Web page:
NA, DAC, CMF, JMG, NDM, MCR, RW, RW, CTY: data management team; MB, JB, ESB, IC, SFG, MAG, CG, CH, JBH, DH, SK, JK, NL, ECL, AL, JPL, SPM, SCM, RN, TR, OR, JCS, BS, MS, NS, PT, MT, RJW, WX: data contributors; DE, PSS, NL, EPS, JE, CJLD: communication. The data management team aggregated, curated, and made available data resources. Contributors advised on data collection methods, collected the data, and reviewed data collection and curation methods as well as datasets. Communicating authors wrote the manuscript and guided data collection, curation, and distribution. All authors reviewed the manuscript. All authors read and approved the final manuscript.
We gratefully acknowledge contributions from many field managers and data collectors including: Lisa Coffey (Schnable lab); Dustin Eilert, Marina Borsecnik, Emily Rothfusz, and Jane Petzoldt (De Leon lab); Nick Lepak, Josh Budka, and Nicholas Kaczmar (Cornell University); Miriam Lopez, Grace Kuehne, and Sarah Weirich (Lauter lab); Teclemariam Weldekidan (Wisser lab); Jacob Garfin and Amanda Gilbert (Hirsch lab), Pete Hermanson (Springer lab); Jacob Pekar (Texas A&M University); and Susan Melia-Hancock (USDA-ARS, Columbia, MO). We also benefitted from data management discussions with Nicole Hopkins and Jeremy DeBarry (formerly with CyVerse); Kate Dreher, Clarissa Pimental, Julian Pietragalla, Jean-Marcel Ribaut, and Sarah Hearne (CIMMYT); Jan Erik Backlund and Kelly Robbins (Cornell University); and Matthew Berrigan (LeafNode).
The authors declare that they have no competing interests.
Availability of data materials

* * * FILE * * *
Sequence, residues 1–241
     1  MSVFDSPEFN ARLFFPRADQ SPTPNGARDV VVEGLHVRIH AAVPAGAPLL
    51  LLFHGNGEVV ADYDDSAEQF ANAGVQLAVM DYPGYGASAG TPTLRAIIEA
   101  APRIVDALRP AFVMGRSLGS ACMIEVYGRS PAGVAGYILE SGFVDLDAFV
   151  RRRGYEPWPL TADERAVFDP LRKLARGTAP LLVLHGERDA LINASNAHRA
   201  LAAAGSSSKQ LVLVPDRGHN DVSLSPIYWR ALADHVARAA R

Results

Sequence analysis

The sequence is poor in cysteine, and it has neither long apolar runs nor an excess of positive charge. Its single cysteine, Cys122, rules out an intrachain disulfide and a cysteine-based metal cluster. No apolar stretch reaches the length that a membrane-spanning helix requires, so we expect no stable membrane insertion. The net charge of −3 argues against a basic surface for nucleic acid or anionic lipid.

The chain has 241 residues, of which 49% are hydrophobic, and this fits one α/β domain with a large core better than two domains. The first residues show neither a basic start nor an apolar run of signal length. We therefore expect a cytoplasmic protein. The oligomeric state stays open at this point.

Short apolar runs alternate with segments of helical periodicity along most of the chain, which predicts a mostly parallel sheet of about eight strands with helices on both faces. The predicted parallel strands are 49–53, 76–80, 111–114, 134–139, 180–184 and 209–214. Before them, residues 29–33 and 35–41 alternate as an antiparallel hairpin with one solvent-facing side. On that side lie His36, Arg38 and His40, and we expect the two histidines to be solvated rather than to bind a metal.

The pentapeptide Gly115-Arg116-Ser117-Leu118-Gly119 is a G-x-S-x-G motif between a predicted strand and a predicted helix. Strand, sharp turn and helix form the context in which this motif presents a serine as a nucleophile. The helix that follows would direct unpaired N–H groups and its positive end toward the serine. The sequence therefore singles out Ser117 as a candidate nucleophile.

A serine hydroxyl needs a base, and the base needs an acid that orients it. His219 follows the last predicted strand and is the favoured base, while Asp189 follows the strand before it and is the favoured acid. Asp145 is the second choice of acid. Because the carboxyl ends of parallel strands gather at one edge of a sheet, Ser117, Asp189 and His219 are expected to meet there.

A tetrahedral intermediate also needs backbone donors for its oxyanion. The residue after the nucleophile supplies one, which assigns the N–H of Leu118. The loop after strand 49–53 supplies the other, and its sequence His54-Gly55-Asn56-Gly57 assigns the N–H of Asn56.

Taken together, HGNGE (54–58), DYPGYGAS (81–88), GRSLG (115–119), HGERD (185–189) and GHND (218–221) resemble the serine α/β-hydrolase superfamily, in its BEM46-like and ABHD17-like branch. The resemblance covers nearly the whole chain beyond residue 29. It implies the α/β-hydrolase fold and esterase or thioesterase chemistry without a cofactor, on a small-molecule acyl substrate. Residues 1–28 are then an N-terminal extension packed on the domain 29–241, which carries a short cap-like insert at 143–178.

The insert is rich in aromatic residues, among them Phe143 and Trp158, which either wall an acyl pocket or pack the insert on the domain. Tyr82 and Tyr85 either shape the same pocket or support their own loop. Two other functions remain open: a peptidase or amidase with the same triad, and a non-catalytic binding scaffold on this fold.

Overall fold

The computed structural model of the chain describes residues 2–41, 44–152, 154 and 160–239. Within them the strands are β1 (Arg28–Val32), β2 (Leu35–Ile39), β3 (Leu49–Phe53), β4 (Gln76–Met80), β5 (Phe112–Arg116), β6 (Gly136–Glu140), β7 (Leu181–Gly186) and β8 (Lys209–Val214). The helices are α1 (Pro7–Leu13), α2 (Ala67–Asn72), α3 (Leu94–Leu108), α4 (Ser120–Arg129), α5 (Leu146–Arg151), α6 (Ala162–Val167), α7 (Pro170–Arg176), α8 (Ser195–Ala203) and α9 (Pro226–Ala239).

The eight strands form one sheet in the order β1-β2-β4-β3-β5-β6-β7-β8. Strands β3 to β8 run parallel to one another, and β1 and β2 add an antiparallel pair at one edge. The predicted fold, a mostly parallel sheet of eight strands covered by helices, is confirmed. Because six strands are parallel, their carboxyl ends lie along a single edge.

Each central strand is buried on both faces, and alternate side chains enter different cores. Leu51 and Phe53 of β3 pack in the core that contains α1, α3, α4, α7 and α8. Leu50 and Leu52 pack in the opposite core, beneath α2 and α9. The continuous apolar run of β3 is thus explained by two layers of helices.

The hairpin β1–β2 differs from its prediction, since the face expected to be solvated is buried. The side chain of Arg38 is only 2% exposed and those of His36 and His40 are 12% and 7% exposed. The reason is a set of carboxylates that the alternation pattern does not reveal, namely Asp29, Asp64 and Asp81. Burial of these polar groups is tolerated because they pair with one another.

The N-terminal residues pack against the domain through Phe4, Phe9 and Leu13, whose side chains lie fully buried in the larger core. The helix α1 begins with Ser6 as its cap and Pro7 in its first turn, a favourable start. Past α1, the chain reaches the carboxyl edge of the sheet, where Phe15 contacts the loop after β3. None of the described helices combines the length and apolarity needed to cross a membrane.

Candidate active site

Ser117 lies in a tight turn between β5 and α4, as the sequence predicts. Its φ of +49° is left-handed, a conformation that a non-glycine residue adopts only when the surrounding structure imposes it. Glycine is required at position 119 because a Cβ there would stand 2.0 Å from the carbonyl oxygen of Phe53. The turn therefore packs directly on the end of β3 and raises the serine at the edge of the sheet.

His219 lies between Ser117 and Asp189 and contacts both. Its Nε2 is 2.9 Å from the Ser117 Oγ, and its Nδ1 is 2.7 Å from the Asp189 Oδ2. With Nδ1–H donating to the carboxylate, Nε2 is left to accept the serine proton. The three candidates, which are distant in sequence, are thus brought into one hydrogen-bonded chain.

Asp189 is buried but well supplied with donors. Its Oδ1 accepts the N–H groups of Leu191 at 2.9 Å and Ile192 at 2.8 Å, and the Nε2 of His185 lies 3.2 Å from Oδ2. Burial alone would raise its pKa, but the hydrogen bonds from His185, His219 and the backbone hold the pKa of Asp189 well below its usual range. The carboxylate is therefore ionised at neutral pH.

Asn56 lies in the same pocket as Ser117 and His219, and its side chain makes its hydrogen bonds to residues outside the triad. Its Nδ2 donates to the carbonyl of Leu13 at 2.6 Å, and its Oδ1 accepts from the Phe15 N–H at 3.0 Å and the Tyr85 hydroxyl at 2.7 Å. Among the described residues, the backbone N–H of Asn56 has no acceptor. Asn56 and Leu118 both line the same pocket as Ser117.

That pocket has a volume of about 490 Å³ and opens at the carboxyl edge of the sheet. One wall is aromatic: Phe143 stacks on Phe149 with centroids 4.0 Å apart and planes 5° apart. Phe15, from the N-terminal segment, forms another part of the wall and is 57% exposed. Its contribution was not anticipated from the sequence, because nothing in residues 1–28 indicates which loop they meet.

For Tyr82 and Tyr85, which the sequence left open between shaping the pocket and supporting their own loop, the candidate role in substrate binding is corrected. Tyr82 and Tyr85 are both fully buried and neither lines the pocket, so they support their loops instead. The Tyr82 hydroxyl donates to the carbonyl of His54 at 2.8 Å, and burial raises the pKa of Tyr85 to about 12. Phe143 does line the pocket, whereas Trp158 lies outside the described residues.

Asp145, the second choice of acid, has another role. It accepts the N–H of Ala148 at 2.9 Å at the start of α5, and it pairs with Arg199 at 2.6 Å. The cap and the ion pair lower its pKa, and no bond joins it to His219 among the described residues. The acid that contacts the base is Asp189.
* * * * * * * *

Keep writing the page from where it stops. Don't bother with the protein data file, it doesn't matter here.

The data described in this Data Note can be freely and openly accessed at the NCBI Sequence Read Archive via the identifier PRJNA385022 and at CyVerse via the following Digital Object Identifiers (DOIs): https://doi.org/10.7946/p2v888, https://doi.org/10.7946/p24s31, and https://doi.org/10.7946/p2c34p. See Table 1 and reference list for details and links to the data.
Consent for publication
Ethics approval and consent to participate
We gratefully acknowledge support from: USDA Hatch program funds to multiple PIs in this project; the USDA Agricultural Research Service; the Iowa State University Plant Sciences Institute; the Ontario Ministry of Agriculture, Food, and Rural Affairs; the Illinois Corn Marketing Board; the Iowa Corn Promotion Board; the Kansas Corn Commission; the Minnesota Corn Research and Promotion Council; the Nebraska Corn Board; the Ohio Corn Marketing Program; the Texas Corn Producers Board; and the National Corn Growers Association. We also acknowledge funding from the National Science Foundation under Grant Numbers #DBI-0735191 and #DBI-1265383 to support CyVerse (http://www.cyverse.org) and USDA-NIFA 2011-67003-30342 to SFG, JH, NL, SM, RW, WX, and NDL.
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Naser AlKhalifah, Darwin A. Campbell, Celeste M. Falcon, Jack M. Gardiner, Nathan D. Miller, Maria Cinta Romay, Ramona Walls, Renee Walton, Cheng-Ting Yeh are joint first authors